Dispatches | September 30, 2008
The best poetry is timeless and speaks to any age. Yeats’ often-quoted poem “The Second Coming” was written in 1920 in the aftermath of the First World War. He believed the world was on the threshold of an apocalyptic moment, a feeling that resonates today.
Things fall apart; the centre cannot hold;
Mere anarchy is loosed upon the world,
The blood-dimmed tide is loosed, and everywhere
The ceremony of innocence is drowned;
The best lack all conviction, while the worst
Are full of passionate intensity.
He credited spirits for his theory of the widening gyre and used it to explain that Western Europe was in decline. I have a hunch he’d have a similar suspicion about America today. I don’t remember a time in my life when the country’s affairs seemed more out of hand. Or perhaps this is the first time I’ve paid close attention because I have taken too much for granted a way of life that I value. For those of us who have money in the market, savings in the bank, and a job and a house we want to keep, it is impossible to watch the evening news without a sense of panic and horror. The barn is on fire as we argue over who kicked over the lantern.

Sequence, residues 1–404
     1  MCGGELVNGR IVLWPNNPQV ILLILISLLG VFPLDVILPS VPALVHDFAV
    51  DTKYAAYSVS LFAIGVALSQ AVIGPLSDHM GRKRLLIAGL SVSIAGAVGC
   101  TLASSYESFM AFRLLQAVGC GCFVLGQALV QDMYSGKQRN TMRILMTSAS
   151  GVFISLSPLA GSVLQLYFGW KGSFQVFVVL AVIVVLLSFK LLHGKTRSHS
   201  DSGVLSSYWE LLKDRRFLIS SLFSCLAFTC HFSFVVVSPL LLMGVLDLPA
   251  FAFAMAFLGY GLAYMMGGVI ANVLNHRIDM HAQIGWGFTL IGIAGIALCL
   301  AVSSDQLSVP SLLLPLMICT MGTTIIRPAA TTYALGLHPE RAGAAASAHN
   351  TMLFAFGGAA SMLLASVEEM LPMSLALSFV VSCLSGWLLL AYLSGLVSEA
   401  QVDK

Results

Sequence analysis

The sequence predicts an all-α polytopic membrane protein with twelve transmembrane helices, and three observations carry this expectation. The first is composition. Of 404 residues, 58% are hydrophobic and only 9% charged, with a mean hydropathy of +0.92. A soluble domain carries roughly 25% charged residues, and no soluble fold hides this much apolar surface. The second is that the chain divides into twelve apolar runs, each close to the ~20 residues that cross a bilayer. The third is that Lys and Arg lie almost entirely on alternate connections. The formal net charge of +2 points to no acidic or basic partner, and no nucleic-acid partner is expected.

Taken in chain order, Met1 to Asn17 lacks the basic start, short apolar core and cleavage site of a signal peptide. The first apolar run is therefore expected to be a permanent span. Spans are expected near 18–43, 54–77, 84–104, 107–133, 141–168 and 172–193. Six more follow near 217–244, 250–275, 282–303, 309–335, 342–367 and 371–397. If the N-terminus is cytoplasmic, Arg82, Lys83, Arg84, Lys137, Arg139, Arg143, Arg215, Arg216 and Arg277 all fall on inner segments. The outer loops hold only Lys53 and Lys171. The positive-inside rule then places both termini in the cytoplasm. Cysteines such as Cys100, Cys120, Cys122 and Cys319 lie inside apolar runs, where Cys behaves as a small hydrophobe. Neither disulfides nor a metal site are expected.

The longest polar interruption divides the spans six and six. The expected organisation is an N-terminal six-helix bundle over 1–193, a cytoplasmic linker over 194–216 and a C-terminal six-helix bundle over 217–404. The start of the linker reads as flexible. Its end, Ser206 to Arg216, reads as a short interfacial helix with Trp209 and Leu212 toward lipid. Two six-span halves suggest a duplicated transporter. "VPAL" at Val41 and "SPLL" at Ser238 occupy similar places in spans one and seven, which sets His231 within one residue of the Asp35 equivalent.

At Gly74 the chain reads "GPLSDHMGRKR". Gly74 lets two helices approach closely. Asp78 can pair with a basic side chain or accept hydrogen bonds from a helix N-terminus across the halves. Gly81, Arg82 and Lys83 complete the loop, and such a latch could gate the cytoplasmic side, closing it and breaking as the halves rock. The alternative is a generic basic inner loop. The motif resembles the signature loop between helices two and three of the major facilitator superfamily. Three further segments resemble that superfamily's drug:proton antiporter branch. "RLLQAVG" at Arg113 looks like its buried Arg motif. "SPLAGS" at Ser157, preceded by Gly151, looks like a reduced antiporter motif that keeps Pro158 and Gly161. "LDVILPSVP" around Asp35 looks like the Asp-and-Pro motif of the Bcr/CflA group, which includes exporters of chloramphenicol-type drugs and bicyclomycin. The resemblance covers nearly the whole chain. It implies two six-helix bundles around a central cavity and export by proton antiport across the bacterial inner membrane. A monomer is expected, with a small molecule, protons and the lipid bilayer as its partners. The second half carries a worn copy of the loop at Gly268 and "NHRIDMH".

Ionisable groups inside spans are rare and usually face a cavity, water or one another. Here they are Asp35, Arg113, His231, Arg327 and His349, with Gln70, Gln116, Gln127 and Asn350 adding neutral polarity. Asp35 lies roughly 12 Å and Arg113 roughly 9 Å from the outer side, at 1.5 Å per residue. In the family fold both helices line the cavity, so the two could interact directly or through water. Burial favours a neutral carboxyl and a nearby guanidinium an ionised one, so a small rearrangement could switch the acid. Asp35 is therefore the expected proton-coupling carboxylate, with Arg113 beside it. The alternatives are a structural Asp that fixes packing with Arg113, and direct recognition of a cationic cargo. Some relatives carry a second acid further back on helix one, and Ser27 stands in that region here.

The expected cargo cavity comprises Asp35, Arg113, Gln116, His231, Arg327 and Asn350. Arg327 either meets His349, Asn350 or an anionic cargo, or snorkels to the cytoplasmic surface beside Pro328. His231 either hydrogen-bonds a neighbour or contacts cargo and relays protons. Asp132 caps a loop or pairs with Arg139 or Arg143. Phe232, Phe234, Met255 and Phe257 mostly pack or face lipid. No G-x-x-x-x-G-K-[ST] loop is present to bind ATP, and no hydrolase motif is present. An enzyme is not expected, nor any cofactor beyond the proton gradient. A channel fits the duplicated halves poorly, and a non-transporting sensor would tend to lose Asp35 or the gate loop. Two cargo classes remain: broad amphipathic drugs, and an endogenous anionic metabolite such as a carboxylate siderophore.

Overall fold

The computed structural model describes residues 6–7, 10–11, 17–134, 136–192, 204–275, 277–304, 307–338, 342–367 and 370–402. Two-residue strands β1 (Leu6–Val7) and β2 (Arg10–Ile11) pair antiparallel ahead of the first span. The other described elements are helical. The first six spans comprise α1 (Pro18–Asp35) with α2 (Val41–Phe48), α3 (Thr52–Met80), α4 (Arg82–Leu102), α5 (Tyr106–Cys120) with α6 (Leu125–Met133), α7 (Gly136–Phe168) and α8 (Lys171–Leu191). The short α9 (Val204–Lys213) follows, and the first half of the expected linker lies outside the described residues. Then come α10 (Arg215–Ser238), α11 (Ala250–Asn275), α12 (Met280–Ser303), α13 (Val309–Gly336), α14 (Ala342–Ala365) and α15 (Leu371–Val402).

As a writer, it seems wise to recommit to what’s important—the work. Unlike stocks and bonds and interest rates a perfectly executed poem or story never declines in value. Recently, I’ve tuned out the news in favor of books. Other than the Sunday New York Times, an occasional peek at Slate and the back-of-the-magazine articles of the New Yorker, I’ve totally disconnected.
For TMR’s next visual feature, I’ve been studying the American surrealist photographer Clarence John Laughlin. During the Depression, he took a bank job and then in his thirties when the economy improved he bought a simple camera and taught himself the fundamentals of photography. His all-absorbing passion for photography and books allowed him to fly above the turbulence of the Second World War and the ups and downs of the economy. He lived simply and quietly among his books while his photography kept him from drowning in the “blood-dimmed tide” of history. Laughlin transformed reality into a truer unreality and consequently his images like Yeats’ words continue to haunt us. Both worked in ghostly double exposure and were able to externalize our fears and desires.
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